Picking a New Instrument - 5 Tips for Finding The Right Fit
So you’re ready to go looking for a new instrument. Perhaps you’ve outgrown your old one, or maybe you’re searching for a backup instrument, or perhaps you’re simply looking for something different. Whatever the reason, we understand that the process of choosing an instrument can sometimes be difficult and stressful. That’s why we’ve put together these 5 tips that will hopefully make the process a little easier for you.
1. Tip One: Pick a Price Range and Stick To It
One of the most overwhelming aspects of finding a new instrument can be the sheer number of options available to you. Walk in either of our shops and you will see that we have hundreds of instruments. While options are great, you need to limit your search in order to make a decision. We recommend picking a price range and sticking to it. Generally, we break our instruments into these price ranges:
· Under $1,000
· $1,000 to $2,000
· $2,000 - $5,000
· $5,000 - $10,000
· $10,000 - $20,000
· So and so forth
As you can see, the price ranges widen as they go higher. The reasons for this have to do with the way instruments are priced. That’s a whole other topic for a whole other blog post…
Once you have picked a price range, be open minded to everything in that range. Price differences of $500 or even $1,000 aren’t always meaningful. This becomes truer the higher in price you go. An excellent way to keep these price differences from influencing your opinions of the instruments you are trying is to cover their prices. Our sales associates are happy to cover the price tags with tape so that you can make your decision solely on the sound and playing experience of the instruments.
Resist the temptation to gradually bump up your price range unless you’re truly willing to spend more. We often encounter customers who tell us they can spend NO MORE than $5,000. However, their curiosity gets the best of them and they ask to play an instrument that’s $6,000. Then $7,000. Then $8,000. Just to see what the difference is. Don’t do this to yourself! You risk playing an instrument that you love but cannot afford and making your actual options pale in comparison even though they are excellent! So before you begin looking, really ask yourself, what is the absolute most you are willing to spend. Limiting your options will spare you a lot of time and stress.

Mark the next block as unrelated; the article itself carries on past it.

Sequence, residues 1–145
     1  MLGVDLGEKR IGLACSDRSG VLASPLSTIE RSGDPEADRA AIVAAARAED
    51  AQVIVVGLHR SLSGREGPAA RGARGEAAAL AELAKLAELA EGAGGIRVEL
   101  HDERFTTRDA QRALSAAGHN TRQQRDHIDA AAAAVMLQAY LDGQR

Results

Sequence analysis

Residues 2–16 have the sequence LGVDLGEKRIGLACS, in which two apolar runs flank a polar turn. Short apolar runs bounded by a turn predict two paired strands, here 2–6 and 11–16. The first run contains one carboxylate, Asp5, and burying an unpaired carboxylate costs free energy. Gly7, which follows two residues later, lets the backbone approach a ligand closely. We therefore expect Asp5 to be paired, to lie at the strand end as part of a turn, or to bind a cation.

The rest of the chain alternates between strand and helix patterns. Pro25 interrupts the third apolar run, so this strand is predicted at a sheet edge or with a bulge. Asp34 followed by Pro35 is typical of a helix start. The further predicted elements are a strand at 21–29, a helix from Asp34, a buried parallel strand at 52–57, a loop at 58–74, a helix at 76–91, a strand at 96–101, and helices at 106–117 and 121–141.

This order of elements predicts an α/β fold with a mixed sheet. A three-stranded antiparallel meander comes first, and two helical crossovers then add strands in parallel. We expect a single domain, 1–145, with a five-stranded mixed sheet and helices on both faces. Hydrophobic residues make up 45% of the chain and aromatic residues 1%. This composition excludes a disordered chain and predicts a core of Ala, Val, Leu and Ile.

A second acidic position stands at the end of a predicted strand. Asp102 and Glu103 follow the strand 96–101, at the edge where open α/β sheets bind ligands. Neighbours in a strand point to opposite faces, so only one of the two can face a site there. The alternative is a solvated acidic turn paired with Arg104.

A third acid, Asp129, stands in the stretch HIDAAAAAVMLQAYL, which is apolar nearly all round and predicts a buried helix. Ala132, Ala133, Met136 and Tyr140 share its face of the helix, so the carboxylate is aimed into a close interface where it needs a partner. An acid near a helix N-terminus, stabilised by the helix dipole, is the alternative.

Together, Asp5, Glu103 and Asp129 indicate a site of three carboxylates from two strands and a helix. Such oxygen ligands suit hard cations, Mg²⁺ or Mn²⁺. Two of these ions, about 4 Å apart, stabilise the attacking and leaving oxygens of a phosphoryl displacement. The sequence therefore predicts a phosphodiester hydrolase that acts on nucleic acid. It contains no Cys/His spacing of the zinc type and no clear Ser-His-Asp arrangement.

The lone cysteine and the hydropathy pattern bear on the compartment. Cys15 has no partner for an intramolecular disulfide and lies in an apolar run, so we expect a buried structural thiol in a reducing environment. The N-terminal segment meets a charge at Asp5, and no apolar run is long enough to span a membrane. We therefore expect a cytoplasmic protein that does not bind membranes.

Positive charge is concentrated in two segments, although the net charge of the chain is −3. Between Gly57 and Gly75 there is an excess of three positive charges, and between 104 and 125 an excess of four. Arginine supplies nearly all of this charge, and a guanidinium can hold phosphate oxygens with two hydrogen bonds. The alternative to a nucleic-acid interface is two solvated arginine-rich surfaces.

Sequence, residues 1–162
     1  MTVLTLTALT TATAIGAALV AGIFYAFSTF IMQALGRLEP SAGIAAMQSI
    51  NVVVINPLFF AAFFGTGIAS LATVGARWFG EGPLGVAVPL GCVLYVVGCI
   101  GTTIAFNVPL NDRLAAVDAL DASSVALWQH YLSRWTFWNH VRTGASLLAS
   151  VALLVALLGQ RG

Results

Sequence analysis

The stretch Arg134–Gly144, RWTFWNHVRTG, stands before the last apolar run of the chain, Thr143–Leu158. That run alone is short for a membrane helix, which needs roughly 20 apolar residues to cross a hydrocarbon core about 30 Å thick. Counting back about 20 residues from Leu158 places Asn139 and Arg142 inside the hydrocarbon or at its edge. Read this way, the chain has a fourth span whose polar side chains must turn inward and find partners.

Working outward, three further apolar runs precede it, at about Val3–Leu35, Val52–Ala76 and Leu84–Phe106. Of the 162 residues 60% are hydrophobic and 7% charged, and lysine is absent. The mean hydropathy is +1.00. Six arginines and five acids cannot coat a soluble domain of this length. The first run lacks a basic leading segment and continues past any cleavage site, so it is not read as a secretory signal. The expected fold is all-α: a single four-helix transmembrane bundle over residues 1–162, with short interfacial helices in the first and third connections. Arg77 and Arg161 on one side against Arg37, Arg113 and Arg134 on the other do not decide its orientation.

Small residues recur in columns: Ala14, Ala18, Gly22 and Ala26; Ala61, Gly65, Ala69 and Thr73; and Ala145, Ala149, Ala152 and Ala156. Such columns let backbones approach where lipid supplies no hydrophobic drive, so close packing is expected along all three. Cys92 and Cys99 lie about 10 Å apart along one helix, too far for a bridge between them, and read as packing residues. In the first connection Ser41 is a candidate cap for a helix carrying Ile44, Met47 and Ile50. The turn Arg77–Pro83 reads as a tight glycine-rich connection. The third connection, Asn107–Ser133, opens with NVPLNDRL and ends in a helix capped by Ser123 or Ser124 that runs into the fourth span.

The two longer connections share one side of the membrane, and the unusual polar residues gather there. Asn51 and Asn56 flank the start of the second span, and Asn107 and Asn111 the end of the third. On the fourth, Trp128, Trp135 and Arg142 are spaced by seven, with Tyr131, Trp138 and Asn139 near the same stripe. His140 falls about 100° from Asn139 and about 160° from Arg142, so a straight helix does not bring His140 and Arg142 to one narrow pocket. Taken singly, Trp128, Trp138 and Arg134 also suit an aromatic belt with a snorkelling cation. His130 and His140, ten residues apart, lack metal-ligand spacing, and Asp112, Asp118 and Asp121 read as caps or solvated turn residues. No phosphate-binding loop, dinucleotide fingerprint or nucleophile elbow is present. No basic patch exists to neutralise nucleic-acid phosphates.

Keep in mind that we have dozens of excellent options in every price range. Additionally, we offer 100% trade-in on all our instruments. Find an instrument you love in your price range and trade up later when it makes sense financially to do so. You are never stuck with the instrument you choose.
2. Tip Two: Don’t Think of Yourself as Harry Potter in the Wand Shop
I love Harry Potter. So many memorable events from those books remain fondly in my memory. Perhaps one of my absolute favorites scenes is the one in which Harry visits the wand shop to pick his first wand. Anyone who’s ever read those books has fantasized about visiting the wand shop to pick their very own wand.